Although the regular season is less than a week old, Major League Baseball is already dealing with a coronavirus outbreak. The Miami Marlins have now had at least among players and coaches. Four players tested positive over the weekend, an additional seven on Monday, and then four more on Tuesday.
MLB is intent on moving forward, and plugging along through a 60-game season, though the Marlins and the Philadelphia Phillies, who hosted Miami over the weekend, have been put on a temporary pause until things get better. We now know that the Marlins are off until Monday, Aug. 3 at the earliest while the Yankees and Orioles are changing plans to play each other this week before resuming their previous schedules this weekend. Philadelphia, meanwhile, can resume its schedule as early as Friday.
Whether or not MLB can get to the postseason -- and the fat TV checks that come with it -- at this point in the year is anyone's guess, and hinges in part on what the league does with the Marlins over the coming days.
How did the Marlins get here?
The Marlins first had a positive test result on Opening Day, when Jorge Alfaro was placed on the injured list shortly before the team's season opener in Philadelphia. Here's a timeline of what happened between then and Monday.
Friday, July 24 (Opening Day vs. Philadelphia)
- Alfaro tests positive and misses opener. No other Marlins have positive results.
Sunday, July 26
- Three other players, including scheduled starter Jose Urena reportedly test positive. Urena is scratched from his Sunday start. The rest of the team learns about the positive tests, but decides to play Sunday's game as scheduled.
- The Marlins do not travel home as scheduled after winning the series finale at Citizens Bank Park. Instead, the team stays in Philly and awaits another round of test results.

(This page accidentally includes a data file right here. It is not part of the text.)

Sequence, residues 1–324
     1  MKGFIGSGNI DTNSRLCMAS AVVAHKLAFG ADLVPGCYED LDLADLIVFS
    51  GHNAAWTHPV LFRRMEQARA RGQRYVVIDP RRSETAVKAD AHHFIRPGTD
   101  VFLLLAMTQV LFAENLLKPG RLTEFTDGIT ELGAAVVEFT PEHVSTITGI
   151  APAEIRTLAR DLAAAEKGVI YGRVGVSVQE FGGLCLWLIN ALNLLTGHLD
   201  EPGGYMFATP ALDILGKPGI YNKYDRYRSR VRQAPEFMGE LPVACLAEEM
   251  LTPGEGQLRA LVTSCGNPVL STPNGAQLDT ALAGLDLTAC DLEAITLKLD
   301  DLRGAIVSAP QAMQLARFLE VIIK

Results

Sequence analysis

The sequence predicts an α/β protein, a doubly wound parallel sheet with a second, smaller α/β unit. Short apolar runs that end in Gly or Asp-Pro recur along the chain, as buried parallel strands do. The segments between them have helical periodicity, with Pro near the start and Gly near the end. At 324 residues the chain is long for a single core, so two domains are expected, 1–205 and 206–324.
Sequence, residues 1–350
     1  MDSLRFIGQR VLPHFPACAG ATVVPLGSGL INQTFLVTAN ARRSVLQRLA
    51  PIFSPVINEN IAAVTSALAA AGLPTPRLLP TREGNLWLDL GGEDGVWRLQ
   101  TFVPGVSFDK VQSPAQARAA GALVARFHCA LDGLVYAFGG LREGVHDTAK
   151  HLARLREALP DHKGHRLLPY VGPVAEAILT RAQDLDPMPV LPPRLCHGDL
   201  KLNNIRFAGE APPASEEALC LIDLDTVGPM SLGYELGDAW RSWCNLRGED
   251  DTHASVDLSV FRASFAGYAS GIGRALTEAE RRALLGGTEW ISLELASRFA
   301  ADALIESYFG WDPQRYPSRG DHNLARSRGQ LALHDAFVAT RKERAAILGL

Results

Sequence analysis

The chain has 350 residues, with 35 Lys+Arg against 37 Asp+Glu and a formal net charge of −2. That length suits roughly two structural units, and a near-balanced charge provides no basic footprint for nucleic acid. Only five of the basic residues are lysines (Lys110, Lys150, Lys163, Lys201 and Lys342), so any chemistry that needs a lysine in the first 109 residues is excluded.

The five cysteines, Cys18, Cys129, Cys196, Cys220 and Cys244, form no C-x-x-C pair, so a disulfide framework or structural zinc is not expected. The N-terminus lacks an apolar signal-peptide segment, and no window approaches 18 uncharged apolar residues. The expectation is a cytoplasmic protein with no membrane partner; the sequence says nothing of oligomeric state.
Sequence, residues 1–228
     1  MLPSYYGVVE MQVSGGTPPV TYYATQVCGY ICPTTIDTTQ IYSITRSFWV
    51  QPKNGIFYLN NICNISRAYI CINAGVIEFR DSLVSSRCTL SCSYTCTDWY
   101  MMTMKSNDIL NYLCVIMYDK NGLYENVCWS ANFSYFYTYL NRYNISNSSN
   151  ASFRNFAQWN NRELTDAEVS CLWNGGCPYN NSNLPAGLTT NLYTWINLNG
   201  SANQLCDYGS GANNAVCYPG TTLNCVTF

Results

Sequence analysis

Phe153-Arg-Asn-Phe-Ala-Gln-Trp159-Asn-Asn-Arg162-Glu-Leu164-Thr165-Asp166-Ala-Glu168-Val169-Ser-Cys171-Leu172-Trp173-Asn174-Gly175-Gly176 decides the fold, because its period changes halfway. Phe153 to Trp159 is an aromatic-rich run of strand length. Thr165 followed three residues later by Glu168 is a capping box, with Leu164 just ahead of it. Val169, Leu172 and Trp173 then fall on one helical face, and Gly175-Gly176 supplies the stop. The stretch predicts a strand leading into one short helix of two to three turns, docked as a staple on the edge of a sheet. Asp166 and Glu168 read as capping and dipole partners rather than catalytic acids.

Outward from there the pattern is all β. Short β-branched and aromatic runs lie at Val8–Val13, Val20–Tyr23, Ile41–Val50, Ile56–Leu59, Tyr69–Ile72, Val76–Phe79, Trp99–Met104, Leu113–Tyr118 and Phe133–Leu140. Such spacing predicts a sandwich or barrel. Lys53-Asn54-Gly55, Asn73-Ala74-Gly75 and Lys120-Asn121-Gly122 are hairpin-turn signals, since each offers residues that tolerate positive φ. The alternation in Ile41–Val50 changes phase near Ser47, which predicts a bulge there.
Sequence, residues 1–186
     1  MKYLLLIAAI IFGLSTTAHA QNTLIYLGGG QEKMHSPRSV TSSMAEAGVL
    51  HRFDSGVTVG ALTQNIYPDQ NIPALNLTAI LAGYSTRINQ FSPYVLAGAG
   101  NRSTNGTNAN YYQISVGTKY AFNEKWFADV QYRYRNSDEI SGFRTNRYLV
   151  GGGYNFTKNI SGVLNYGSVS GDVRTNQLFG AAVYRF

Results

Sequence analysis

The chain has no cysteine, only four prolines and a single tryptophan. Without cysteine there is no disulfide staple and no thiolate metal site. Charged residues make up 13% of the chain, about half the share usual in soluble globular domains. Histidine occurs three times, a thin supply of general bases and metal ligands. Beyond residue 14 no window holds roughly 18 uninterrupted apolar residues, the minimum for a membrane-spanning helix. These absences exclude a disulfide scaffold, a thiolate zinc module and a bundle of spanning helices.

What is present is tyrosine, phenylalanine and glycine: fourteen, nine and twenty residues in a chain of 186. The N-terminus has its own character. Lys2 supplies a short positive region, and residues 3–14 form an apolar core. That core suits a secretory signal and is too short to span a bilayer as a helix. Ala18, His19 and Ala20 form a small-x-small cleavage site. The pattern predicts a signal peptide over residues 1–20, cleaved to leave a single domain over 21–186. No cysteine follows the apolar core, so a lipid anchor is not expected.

Monday, July 27
- Another round of testing shows a full-blown outbreak for the Marlins. Eleven players test positive for COVID-19, and reportedly at least 14 total team members are positive.
- MLB postpones the Marlins' Monday night home opener vs. the Orioles in Miami, and the team stays quarantined in Philadelphia.
Tuesday, July 28
- Four more players tested positive.
- The Marlins remain quarantined in Philadelphia.
- One player who previously tested positive now tested negative, per Ken Rosenthal.
- The league issued a press release announcing the Marlins aren't going to play until Monday, Aug. 3.
Dr. Zachary Binney, an epidemiologist at Oxford College of Emory University, told Insider.com's Scott Davis that the league should conduct an investigation to discover how the Marlins outbreak occurred so that it can reinforce its policies. "Was there some risky behavior from players who, say, went out to a bar or nightclub?" Binney asked. "Is that where this started, or was the spread mostly occurring at the Marlins facility, in the dugout or in the clubhouse? And if so, where did MLB's protocols either break down or where were they too weak to begin with, and how can we improve the situation?"
How long will the Marlins (or Phillies) quarantine?